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A somber reminder that addiction kills

A somber reminder that addiction kills

Overnight, news broke that a well known actor Corey Monteith was found dead in his hotel room.  I’ve never watched Glee (and have no intention to) but understandably the entirety of Twitter is mourning his loss.  Gone too soon, etc., etc., It’s so tragic.  And while I only scanned a few hundred pages of tweets devoted to his loss there’s one thing that is missing from the subject matter.

He was an addict.  Addiction kills.  It kills a lot of people daily.

There is no official cause of death for Monteith at this point, but it’s probably a given what happened: his addiction(s) got the better of him and whatever circumstances lined up and that was that.  Be it an overdose, a physical reaction to his using that caused his body to just give up, or he flat out committed suicide – which is a common path that those who suffer from addiction consider.  They can’t imagine life sober, nor can they see themselves using anymore.  They wish for the end and sometimes pursue it.

I’ve been sober almost 25 years, and I remember the names, faces, and voices of all those who are gone:

  • Richard was killed by a drunk driver who blasted through a stop sign and hit him going 40 miles over the speed limit.  The very next day, the driver showed up on my doorstep, with his family begging forgiveness and ready to accept whatever punishment I saw fit to dole out to him.  That was for the courts to decide, and he did his full ride behind bars.  When he got out, he spent a few more years using before he’d decided he had enough.  He was found in the closet of a flophouse, hanging by a rope.  The official cause of death was ruled a suicide.  He was 26.
  • Matt was the first person I sponsored in sobriety.  He’d string up a few days of sobriety and binge again and again. Every time he went out, the chemicals got a little harsher, the binges got a bit more severe.  One day he’d called me on a binge, and in the conversation I learned that he was alone with his kids there.  I don’t stop people using, but I was concerned for the kids and was going to get them the hell out of there.  As I came in the front door, he’d apparently gone out the back, and I found the kids on the balcony watching the highway that cut next to their yard.  Matt was crossing the highway to get to the convenience store for more beer, stepped in front of a semi and was instantly killed. In full view of his children, aged 5 and 3 at the time.  It took the highway patrol a day to clean up his body.  When I spoke to the family last, the son who had witnessed his father’s death was now 27 and a hardcore meth addict.  He was last seen downtown working a known hooker stroll where the money is guaranteed and the tricks are no-questions-asked cheap.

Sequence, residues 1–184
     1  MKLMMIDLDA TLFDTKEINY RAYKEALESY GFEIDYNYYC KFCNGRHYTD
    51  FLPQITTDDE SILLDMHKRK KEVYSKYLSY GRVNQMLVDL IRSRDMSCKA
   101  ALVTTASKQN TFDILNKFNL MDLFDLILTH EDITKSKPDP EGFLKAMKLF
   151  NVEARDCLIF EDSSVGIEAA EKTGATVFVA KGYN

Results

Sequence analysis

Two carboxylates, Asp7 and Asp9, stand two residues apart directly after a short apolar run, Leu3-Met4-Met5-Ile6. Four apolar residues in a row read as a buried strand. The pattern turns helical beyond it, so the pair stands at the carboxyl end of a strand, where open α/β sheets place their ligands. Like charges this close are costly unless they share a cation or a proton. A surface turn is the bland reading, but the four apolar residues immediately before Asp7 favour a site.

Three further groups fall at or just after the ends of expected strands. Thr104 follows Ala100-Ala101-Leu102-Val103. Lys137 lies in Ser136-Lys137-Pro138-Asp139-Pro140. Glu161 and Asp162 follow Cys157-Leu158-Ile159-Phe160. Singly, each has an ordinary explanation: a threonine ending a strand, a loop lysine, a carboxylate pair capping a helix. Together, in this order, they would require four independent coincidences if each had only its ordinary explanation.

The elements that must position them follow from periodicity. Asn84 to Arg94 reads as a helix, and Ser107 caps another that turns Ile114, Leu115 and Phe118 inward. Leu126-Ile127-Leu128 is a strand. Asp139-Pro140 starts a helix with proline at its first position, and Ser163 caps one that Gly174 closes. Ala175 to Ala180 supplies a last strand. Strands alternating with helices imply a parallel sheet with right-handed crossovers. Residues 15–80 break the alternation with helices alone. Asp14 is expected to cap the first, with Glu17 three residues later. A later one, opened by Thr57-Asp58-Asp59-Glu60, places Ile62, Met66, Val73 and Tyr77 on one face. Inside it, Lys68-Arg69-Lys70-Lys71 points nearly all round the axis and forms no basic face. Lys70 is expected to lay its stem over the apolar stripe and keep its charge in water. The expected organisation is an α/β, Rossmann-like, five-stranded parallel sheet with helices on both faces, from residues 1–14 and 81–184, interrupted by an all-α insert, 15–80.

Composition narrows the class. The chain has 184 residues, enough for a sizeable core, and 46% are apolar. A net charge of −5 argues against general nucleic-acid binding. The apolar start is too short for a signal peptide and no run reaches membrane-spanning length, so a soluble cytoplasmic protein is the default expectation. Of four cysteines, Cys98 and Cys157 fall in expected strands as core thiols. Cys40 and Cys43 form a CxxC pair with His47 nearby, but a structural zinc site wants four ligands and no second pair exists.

• Bob struggled with his addictions on and off for years, and he decided he’d had enough.  He broke into my house, and the suicide note was left on my coffee table next to his body.  He’d cut both wrists and bled out while I was at work.  The amount of blood was staggering; it looked like someone had painted my living room floor dark red.
  • Simon was the man who was my liaison while I worked the anniversary of Princess Diana’s death.  He was the one who’d introduced me to Richard, and a few years after his death Simon and I fell in love.  He struggled with his own sobriety issues, and ultimately I ended up throwing him out of our house after the last time he’d used and lied about it.  He spent the next two years running wild, and the only time I heard from him was when he called me drunk or high.  He killed himself a few months ago, leaving a suicide note that apologized for his being an addict.

The list is absolutely endless.  If you’re struggling with addiction and don’t have a program of recovery – any program of recovery – the clock is ticking and time is winding down.  That’s the ultra simple version.  Once casual using graduates to addicted behavior, there is no control left anymore.  No moderation, no “I can take it or leave it”.

If you have a friend who struggles, they have a disease that will kill them.  It’s just as deadly as cancer, but even more deadly as it wracks up an emotional toll on the friends and family around the addict.  Support them, they need help whether or not they realize it.  Some people get sober and stay that way.  Others fall on their face a few times before they get it.  Lastly, some never get it and will die.

—end rant—

(thumb via the linked article)

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